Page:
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Rogue bankers

Rogue bankers

Sentinel Digital DeskBy : Sentinel Digital Desk

  |  8 March 2018 12:00 AM GMT

A slugfest of accusations and counter-accusations has broken out between the Congress and the BJP over the Rs 12,700 crore fraud detected in Punjab tiol Bank. Using it as a handy stick to beat the government with in Parliament, the Congress has alleged that the scam has occurred under Prime Minister rendra Modi’s watch. The BJP has hit right back, pointing out that the fraud began seven years back when the UPA was very much in power. The CBI FIR mentions that the fraud started in 2011; however, over Rs 3,000 crore worth fake letters of understanding (LoUs) were issued by the bank to the two accused scamsters Nirav Modi and his uncle Mehul Choksi since March 2017. CBI sleuths are grilling PNB officials to find out how the scam could have gone on undetected for so long with the top magement remaining blissfully uware. Only a few middle and junior level bank officials have been caught so far, raising suspicions that the big fish may quietly be slipping away. The Modi-Choksi duo has already fled the country before the scandal broke last month. It looks all so familiar, like Kingfisher boss and Rajya Sabha MP Vijay Mallya blithely jetting off abroad after defrauding several Indian banks of Rs 9,000 crore. Mallya has since then been pouring scorn from his safe perch in UK at Indian efforts to extradite him, while Modi has been spotted living the high life in US, with his lawyers moving Delhi High Court against seizure of his properties. It is now becoming clear that the burden of this massive bank fraud will be borne by long-suffering common taxpayers of this country again for no fault of theirs.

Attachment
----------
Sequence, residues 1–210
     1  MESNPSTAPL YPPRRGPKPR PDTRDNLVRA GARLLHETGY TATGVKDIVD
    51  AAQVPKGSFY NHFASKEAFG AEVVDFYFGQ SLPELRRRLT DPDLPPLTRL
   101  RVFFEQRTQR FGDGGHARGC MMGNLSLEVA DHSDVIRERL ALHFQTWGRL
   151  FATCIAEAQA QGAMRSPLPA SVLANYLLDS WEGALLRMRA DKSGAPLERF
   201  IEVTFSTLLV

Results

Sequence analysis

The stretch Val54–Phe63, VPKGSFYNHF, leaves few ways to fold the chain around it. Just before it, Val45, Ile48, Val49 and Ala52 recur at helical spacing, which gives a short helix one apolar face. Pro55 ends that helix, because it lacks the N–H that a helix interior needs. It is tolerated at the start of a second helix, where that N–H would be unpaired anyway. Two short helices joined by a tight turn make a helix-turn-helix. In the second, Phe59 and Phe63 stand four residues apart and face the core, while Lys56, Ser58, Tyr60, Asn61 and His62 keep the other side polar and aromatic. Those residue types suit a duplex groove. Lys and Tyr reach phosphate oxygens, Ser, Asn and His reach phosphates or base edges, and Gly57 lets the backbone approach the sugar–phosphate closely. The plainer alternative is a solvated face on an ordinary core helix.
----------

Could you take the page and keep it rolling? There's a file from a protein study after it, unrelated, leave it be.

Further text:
An RTI enquiry by activist Jeetendra Ghatge has meanwhile revealed that in three fincial years from 2015, some 333 cases of high level swindling (over Rs 50 lakh threshold) have been registered with the Economic Offences Wing (EOW) in Mumbai, the country’s fincial capital, involving total Rs 19,668 crore. As many as 184 accused scamsters are absconding. According to Ghadge, such high flying scamsters “have no fear of the law” — they get away with impunity through political connections and by bribing investigating officials. This besides, agencies like EOW and CBI are also battling manpower shortage, particularly expert officers capable of investigating complex fincial frauds. Apart from ponzi schemes and fincial frauds based on get-rich-quick schemes, scamsters are gaming the country’s banking system at will. Citing the gargantuan non-performing assets (NPAs) burden, most banks are wary of advancing modest loans to small entrepreneurs, while ming and shaming small defaulters with gusto. Then how is it that the same banks allow big time fraudsters to clean them out? The way banking rules have been flagrantly violated in such cases, it is clear that such gigantic frauds could not have come about without conniving bank staff. In the PNB fraud case, junior officials issued bank guarantees to foreign branches of Indian banks to provide loans in foreign currency to Modi-Choksi diamond importers. They did this without asking for collateral or making credit appraisal as per bank rules. They also did not enter details of the LOUs in the bank’s interl software, so as to keep the transaction hush-hush. In turn, the Modi-Choksi duo used each new bank guarantee to settle an earlier loan taken through a previous bank guarantee, thereby operating like ponzi scamsters. The latest scam has thus once again exposed the utter lack of monitoring and ‘risk magement’ capacity of banks in the country, particularly PSU banks. Belatedly, the Reserve Bank has now asked banks to mandatorily link their SWIFT software to the Core Banking System (CBS) and closely monitor high-value transactions. Considering the damage done to trade fince activities as a fallout to the PNB scam, this should be an opportune time for lawmakers in Parliament to debate on overhauling PSU bank operations and proposed legislations like Fugitive Economic Offenders (FEO) Bill, 2018 for confiscation of property of proclaimed economic offenders fleeing the country.

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